Developer Francesco Morawetz, 75, is not the first entrepreneur to open a club and residence for luxury vacationers. But he's the first to do it in as grand a place as Palazzo Trevisan-Cappello off St. Mark's Square in Venice. And he may be the first to do it with as much respect for the art and architecture that came before.
The Italian-born Morawetz knew he wanted his private club to be in Venice, where select members who care for the city could enjoy a well-managed part-time home. "But it couldn't be just a luxury club," he says. It had to be quintessential Venice. When he saw the abandoned palazzo (better known as Palazzo Pauly, since it was the headquarters of the Pauly Glassworks for more than a century), it was a revelation. Morawetz acquired the property and, rather than selling the valuable artistic-glass collection that came with it, decided to give Venice a new Museum of 20th Century Glass as part of the project. Venice's mayor, philosopher Massimo Cacciari, well aware that the project was far beyond the city council's budget, facilitated bureaucratic permits.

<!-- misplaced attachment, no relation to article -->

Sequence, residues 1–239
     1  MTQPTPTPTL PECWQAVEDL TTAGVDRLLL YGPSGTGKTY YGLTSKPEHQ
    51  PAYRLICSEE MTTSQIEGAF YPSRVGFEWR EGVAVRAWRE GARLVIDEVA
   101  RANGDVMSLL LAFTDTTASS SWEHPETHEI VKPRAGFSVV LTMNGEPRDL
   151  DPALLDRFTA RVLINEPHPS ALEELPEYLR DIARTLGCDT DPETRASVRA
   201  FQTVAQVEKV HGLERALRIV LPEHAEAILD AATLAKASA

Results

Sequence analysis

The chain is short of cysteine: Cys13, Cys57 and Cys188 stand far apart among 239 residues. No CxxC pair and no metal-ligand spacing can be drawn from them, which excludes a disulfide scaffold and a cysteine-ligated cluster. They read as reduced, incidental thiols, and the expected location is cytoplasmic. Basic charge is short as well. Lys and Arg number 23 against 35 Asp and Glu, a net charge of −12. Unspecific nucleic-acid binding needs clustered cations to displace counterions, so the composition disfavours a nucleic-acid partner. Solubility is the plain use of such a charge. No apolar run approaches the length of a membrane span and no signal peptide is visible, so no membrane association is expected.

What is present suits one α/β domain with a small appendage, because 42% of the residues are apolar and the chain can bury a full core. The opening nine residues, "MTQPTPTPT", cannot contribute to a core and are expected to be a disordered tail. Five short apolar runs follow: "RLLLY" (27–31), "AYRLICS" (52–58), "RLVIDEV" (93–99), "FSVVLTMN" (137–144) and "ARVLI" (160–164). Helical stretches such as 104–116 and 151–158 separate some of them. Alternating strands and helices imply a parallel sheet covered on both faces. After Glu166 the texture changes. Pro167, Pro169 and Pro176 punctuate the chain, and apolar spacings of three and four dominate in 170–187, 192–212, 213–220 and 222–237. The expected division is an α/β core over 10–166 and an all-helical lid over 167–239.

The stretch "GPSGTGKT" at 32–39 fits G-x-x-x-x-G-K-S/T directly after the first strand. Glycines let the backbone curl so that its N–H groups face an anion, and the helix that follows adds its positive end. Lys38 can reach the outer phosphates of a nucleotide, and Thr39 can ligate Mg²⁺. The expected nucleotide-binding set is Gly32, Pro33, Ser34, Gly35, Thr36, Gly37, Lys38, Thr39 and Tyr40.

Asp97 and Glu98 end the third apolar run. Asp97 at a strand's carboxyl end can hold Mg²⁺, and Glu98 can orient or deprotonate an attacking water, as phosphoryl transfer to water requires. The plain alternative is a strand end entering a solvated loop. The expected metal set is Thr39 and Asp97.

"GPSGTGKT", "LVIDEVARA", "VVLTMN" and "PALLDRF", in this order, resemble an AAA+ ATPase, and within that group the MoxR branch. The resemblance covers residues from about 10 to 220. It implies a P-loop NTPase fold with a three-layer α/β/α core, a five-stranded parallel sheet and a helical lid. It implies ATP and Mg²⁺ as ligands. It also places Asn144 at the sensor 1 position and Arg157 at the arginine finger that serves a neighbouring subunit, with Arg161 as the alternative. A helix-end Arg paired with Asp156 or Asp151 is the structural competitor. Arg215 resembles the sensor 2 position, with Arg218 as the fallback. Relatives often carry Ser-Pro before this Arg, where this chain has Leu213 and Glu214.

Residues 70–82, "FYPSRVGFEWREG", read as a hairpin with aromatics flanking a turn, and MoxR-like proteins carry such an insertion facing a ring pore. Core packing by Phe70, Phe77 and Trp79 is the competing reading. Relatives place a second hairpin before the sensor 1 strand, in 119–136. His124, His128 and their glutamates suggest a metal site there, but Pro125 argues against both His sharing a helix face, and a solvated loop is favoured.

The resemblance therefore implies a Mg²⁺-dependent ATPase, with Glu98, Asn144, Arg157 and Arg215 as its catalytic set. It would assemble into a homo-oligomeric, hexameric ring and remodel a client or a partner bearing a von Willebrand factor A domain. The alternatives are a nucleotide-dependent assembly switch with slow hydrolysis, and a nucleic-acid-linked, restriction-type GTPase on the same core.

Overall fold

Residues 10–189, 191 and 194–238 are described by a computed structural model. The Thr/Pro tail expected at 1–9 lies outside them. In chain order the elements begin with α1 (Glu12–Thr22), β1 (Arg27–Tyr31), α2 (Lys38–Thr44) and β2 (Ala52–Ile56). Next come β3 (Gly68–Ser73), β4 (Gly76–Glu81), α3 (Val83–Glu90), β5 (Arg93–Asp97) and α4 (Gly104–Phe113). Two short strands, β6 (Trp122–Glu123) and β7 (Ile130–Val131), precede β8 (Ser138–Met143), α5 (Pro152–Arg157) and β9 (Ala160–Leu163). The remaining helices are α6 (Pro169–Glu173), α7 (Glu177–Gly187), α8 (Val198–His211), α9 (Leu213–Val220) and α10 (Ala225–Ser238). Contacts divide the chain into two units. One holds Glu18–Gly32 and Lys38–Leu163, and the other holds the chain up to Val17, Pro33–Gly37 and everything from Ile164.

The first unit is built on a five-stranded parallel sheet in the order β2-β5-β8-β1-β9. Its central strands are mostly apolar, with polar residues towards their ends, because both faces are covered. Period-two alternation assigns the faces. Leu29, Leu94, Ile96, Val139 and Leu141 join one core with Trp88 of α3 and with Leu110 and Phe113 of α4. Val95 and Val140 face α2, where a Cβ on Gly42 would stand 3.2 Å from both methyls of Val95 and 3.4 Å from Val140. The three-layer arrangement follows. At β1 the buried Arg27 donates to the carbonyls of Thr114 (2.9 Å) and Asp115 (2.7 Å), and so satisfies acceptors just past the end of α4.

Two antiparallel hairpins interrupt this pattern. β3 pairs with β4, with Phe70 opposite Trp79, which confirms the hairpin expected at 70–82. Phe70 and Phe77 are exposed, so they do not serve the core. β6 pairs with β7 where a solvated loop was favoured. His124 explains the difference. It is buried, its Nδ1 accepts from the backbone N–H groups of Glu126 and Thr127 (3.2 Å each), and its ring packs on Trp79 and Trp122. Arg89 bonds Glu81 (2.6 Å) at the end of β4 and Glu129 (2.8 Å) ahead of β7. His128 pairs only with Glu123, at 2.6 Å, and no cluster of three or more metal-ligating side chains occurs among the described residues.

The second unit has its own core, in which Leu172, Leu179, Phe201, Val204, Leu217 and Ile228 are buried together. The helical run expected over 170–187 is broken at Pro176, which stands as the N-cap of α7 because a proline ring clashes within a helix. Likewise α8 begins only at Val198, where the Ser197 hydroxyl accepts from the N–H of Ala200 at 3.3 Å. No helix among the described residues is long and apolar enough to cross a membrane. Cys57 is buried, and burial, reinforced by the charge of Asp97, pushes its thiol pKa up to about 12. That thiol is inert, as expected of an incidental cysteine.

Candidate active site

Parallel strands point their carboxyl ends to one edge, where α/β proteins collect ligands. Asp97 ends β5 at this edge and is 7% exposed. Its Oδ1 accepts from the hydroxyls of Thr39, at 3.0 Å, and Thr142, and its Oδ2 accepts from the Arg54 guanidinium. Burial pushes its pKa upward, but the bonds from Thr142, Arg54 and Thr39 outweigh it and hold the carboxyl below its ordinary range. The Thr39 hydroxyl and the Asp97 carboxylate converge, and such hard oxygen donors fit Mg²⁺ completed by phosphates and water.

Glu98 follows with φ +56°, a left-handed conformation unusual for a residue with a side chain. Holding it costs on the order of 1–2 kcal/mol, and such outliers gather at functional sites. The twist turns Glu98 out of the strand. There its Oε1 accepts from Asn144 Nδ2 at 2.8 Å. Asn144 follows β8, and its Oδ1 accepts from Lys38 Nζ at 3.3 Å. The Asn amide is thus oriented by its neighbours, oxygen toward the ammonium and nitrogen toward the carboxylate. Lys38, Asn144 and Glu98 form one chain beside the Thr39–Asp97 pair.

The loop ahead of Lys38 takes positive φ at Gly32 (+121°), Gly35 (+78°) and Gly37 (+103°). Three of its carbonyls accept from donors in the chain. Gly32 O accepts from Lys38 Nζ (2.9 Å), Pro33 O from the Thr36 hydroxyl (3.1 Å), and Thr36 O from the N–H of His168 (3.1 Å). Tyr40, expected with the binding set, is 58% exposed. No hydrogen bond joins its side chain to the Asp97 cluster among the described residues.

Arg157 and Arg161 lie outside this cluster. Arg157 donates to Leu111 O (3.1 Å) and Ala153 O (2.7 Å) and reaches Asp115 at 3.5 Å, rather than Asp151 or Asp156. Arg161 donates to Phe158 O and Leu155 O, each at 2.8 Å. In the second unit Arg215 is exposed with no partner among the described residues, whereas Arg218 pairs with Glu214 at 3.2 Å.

The three 16th century buildings are being restored in authentic Venetian décor and transformed into 26 apartments decorated with priceless Pauly chandeliers and objets. Membersnever more than 260, by invitation onlyare entitled to stay in any of the apartments whenever they like and have access to a private jet from any European location and use of the club's launch, as well as its yacht, docked at the Port of Venice. The glass museum will be open to the public during the day, and club members can invite guests in after hours for an aperitif. Membership in the club, which will open in June 2008, begins at $476,000, plus annual dues of about $19,000 for operating costs.
"Luxury is, of course, one of the project's characteristics," says Morawetz, "but we are adding culture to luxury. It's a completely different approach to the city."
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